That's so fun to say. I greeted the VBS class last night with that and they giggled and responded with their own greetings.
Yesterday (Sunday) we went to the worship service at the BELC church. Moses ran the service, but Pastor Reim preached the sermon on Matthew 9:9-13. The service was difficult to follow since it was, again, virtually all in Telegu, but it was once again uplifting to know that people were worshiping the Lord. After church, we ran through the craft that we'll be doing in our evening VBS sessions with the kids that were at church. They will be making wall hangings that have English words on one side, and then they'll write in Telegu (or Tamil, depending on which province we are in) the same thing on the back. There are also some pieces of fabric glued onto the cards that remind the children of various aspects of Jesus' life and our Christian lives.
I accidentally deleted all of my pictures on Saturday night, which was pretty heartbreaking as I had taken some great shots of the kids in the CLCI orphanage. I'm hoping that the others who were there that night were able to get some nice pictures that I can have, too. I've already made up for the lost pictures, however, as my camera has been out very frequently since then!
Last night, we taught our first "official" VBS class in the village of Downthali. For the rest of the trip, my group will be traveling in an SUV-type vehicle to all of our upcoming cities and villages. It took us a while on a bumpy road to get out to the village, and when we arrived, I was startled to see that the church was pretty much a shack. It had partial concrete walls, and the roof was made of branches and twine, basically. The floor was, I was later told, packed cow poop. Woo-hoo! I told Alison on our way back that by the end of this trip, I will be as tough as nails. No more complaining here! When we entered the church, the congregation was singing and clapping along to a drum beat. The children stared and stared at us as we entered and sat. We tried to wrap up the lessons quickly, especially as it began to rain (and the rain could easily come through the roof since it wasn't a complete roof), but the rain stopped and we turned on a light in the church. When we administered the craft, Sanjay, our interpreter, told us that many of the people probably would not be able to write, even in Telegu, because they probably weren't able to get a very good education in the village. So sad! I guess that thought never even crossed my mind.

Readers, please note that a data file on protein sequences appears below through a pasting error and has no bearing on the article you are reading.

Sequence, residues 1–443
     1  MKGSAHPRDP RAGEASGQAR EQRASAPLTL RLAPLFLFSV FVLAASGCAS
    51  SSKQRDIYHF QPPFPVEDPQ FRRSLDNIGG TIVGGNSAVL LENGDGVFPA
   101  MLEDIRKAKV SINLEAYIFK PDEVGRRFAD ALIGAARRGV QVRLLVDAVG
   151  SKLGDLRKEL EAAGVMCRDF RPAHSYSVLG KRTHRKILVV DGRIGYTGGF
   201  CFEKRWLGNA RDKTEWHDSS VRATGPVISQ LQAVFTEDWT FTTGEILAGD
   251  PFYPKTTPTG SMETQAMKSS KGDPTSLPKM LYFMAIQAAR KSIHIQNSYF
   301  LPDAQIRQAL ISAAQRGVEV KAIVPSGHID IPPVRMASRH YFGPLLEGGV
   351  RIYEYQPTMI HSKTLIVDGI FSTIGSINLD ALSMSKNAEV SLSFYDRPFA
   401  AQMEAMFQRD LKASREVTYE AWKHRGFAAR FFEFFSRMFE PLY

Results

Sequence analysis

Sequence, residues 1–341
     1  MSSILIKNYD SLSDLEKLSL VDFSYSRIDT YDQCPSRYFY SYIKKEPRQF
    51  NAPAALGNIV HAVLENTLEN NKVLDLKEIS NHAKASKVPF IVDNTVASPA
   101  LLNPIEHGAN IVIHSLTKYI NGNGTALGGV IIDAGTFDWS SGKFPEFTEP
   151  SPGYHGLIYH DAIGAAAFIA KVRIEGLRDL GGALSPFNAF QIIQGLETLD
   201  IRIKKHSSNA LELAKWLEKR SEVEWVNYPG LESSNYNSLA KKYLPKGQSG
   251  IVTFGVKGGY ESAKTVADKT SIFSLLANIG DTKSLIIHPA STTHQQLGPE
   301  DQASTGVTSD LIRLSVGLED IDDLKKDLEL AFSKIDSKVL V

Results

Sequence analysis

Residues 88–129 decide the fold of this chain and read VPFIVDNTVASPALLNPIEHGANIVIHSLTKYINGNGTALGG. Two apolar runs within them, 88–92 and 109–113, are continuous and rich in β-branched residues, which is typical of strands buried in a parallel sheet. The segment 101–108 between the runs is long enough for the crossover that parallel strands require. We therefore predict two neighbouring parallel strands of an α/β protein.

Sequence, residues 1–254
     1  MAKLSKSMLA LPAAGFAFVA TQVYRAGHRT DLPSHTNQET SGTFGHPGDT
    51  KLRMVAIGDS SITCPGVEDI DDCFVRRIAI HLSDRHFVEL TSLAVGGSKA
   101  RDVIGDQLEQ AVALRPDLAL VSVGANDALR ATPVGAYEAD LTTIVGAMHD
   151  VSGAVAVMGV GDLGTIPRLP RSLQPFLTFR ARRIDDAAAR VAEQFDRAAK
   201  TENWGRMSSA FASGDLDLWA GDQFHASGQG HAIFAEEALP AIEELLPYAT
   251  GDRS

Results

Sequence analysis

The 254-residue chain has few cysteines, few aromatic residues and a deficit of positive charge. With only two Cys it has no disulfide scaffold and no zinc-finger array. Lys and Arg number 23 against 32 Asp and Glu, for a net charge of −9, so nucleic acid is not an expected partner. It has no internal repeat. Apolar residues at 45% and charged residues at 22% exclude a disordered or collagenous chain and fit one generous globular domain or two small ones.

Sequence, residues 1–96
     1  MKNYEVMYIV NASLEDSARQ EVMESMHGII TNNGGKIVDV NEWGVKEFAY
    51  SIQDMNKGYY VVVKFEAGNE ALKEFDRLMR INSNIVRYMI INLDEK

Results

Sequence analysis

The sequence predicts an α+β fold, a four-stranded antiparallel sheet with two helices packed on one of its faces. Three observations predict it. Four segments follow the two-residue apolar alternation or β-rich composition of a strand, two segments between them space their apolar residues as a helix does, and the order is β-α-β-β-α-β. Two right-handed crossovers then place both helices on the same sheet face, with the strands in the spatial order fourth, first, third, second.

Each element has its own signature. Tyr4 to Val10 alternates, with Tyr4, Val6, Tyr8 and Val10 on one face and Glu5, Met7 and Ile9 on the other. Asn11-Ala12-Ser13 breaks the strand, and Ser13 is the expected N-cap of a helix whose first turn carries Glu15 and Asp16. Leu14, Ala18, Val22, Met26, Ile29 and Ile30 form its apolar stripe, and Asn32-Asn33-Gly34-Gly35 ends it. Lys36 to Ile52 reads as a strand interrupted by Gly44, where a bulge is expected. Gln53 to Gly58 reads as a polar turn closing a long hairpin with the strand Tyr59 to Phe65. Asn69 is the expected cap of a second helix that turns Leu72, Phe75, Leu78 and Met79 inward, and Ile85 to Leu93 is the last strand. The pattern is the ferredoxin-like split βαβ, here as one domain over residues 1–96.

Today, Alison and I are sitting around as "the Daves," as we call them, teach the pastors. We'll be going to the village of Krista Patanam tonight to teach another VBS class. In the meantime, Moses was kind enough to offer his computer so that we would not have to venture out to one of the Internet shops. I love being able to connect with all of you back in the US!
Something I've been thinking recently is that's going to be a little strange at first coming back to the US and seeing streets that are wide and cars that stay on their own side of the street. No shops everywhere, very few "interesting" smells, and people that don't stare at us wherever we go. I guess I've already gotten used to this a bit. Not that I would say that it's comfortable, but it's not as startling as it was at first.
Thank you for all of your thoughts and prayers. Keep them coming! :-)